Dos Boots

I had to give it a few days after surgery. I was going to keep track of the days after but I am going to explain now why I waited until a week after. So I wake up from surgery and I am not feeling too bad. The nurses all seem cool and I was told that everything went as planned and the surgery was a success. Music to my ears.

When I look to my right leg, I see the nurse putting on a temporary cast. It was more like a spling. He put the plasteur on the bottom of my foot and up the back of my heel and stopped at my upper calf. Once it was molded into position, he got bandages and wrapped it around my leg and the splint. Wrapping it kept it from moving. I officially had a temporary cast. They told me that I would be getting my boot the following day.

I immediately realized that my surgery was going to start me back at square one. Having half of my limbs to maneuver around was already hard but to now have both legs and my left arm incapable to move me changed everything. I needed assistance to just sit myself up and rotate my legs off the hospital bed.

The nurses help me put my clothes on and my boot on my left leg. Helped me on the wheelchair and pushed me out to where my mom was waiting for me. Now to head home knowing that my mother and I were going to have to figure this out he hard way.

Mommy promised me that I could eat anything that I wanted after I got out so we went to one of my favorite hood wing spots. Anybody from Tampa will know about Salem’s Gyros. Anyways, she grabbed me my 20 wings and fries and made it home.

The rest of the night was difficult but bearable. The hardest part of the night was getting up the one step to get into the house. To not be able to have all of my weight on one leg took a lot of pressure on my mental but with help from my mom, I was able to hold onto her while she took a lot of weight off my legs.

I went straight to the kitchen to finally eat since I was not allowed to eat anything after dinner the night prior because of the guidelines for anesthesia. I was starving. Once I finished, I hung on the side of the bathroom sink to brush my teeth and went straight to bed. Feeling the pain slowly creeping up, I took my meds hoping to allow me to sleep good.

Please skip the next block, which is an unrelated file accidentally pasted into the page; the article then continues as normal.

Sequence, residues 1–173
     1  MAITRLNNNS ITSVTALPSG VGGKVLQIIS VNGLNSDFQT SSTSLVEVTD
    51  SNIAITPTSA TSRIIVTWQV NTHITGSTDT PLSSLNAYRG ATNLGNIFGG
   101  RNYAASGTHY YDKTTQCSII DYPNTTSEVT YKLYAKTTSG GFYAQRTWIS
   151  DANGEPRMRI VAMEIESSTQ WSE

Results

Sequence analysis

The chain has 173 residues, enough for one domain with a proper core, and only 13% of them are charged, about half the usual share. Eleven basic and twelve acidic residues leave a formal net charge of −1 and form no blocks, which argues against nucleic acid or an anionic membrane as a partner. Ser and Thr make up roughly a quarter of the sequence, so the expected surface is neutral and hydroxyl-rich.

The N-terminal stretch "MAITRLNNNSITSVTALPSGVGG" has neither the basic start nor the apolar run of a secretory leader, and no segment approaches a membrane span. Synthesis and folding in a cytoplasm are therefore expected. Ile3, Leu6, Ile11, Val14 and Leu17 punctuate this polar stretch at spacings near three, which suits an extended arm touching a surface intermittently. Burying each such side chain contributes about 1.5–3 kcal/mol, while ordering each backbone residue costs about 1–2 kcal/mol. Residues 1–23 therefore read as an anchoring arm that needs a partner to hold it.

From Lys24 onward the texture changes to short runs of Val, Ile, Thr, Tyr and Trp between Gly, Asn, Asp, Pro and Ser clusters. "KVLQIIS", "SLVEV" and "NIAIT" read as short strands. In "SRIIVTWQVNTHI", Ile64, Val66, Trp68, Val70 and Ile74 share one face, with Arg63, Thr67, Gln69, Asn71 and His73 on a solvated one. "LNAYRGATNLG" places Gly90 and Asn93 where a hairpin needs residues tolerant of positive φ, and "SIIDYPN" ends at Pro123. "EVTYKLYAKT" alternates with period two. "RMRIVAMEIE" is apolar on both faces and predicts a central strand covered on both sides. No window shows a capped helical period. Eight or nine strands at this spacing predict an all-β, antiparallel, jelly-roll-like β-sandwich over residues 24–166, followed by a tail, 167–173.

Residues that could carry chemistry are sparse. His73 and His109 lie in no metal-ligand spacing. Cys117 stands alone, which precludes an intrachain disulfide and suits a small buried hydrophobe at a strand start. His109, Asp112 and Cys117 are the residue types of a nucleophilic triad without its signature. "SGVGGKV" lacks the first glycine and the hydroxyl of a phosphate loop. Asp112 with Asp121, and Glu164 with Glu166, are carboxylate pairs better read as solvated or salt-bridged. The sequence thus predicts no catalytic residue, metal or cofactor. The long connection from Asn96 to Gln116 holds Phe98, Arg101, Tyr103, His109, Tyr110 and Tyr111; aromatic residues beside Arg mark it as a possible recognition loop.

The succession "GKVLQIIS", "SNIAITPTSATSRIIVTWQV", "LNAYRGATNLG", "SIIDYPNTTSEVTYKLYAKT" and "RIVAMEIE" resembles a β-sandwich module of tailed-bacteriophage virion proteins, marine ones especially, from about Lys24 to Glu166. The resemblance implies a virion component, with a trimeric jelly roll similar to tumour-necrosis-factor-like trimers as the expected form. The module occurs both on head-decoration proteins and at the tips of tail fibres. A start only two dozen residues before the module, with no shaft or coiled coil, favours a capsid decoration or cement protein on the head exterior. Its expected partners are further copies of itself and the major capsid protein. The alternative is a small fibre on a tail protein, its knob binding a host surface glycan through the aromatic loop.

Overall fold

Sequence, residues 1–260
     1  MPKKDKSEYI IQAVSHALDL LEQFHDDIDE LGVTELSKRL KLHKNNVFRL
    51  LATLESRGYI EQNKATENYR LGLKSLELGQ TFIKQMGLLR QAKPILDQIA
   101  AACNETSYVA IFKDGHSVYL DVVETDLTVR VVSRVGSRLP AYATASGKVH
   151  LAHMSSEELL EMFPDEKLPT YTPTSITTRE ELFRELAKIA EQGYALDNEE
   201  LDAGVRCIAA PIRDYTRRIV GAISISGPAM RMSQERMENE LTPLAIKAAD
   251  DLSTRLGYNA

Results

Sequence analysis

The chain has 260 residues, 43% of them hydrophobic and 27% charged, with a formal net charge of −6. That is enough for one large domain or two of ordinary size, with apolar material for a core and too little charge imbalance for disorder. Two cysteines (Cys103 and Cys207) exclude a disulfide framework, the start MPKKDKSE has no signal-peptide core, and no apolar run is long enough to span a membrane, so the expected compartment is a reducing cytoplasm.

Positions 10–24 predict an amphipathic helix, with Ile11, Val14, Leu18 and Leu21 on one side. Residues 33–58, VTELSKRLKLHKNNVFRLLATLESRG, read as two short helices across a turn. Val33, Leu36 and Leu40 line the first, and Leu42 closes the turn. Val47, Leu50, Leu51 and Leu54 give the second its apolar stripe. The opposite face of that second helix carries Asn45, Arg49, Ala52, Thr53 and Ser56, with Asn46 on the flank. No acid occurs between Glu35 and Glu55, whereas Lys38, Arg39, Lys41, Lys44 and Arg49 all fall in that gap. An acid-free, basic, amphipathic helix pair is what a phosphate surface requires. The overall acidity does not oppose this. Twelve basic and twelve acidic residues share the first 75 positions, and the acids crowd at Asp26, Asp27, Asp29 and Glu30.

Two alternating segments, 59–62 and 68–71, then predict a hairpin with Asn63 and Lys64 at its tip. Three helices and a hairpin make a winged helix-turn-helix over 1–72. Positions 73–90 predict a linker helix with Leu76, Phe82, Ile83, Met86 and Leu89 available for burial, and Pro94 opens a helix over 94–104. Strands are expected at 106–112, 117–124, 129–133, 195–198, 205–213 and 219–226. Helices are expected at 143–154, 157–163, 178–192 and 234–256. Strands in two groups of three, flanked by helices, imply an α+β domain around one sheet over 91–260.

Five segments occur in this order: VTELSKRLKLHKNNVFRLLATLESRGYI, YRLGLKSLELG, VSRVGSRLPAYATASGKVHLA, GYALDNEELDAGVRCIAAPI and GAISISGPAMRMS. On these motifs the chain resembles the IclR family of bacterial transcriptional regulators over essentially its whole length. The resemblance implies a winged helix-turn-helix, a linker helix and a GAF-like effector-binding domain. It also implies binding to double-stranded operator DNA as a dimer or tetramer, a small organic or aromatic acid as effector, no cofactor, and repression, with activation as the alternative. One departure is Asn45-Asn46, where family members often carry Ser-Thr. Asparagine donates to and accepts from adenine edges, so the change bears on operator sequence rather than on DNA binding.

A few hours later, I wake up to have to use the bathroom. The pain is pretty harsh on my right leg but nothing compared to what I dealt with on my left leg. Because of the temporary cast, I didn’t have to deal with the massive swelling and the extreme pressure and pain that was included.

Going to the bathroom took an extreme amount of patience and willpower because just getting to the wheelchair was a headache. In my honestly opinion, I don’t think I was physically able to make my way to the chair, to the bathroom and back. Just to explain the process and time that it took to do that “simple” task would take another post.

What got me to the bathroom and back was due to the reading that I have been doing and the motivational speakers and my sermons that I listen to daily. They say that people get addicted to self help but it doesn’t work unless you incorporate it in your life and I incorporated everything that I listened to.

My morning was a typical morning. Woke up. Ate some breakfast. Got back into bed and worked on my reading and writing and around 6 p.m. my nurse showed up to take of the temporary cast and put on my boot. I was scared. Honestly I was petrified because the pain that I currently felt, I knew would feel worse once the boot was on only because I remembered the process of the one on my left leg.

She took off the temporary cast, cleaned up all the dried blood and gauze. Pulled out the cast and, just like I thought, it was extremely painful.


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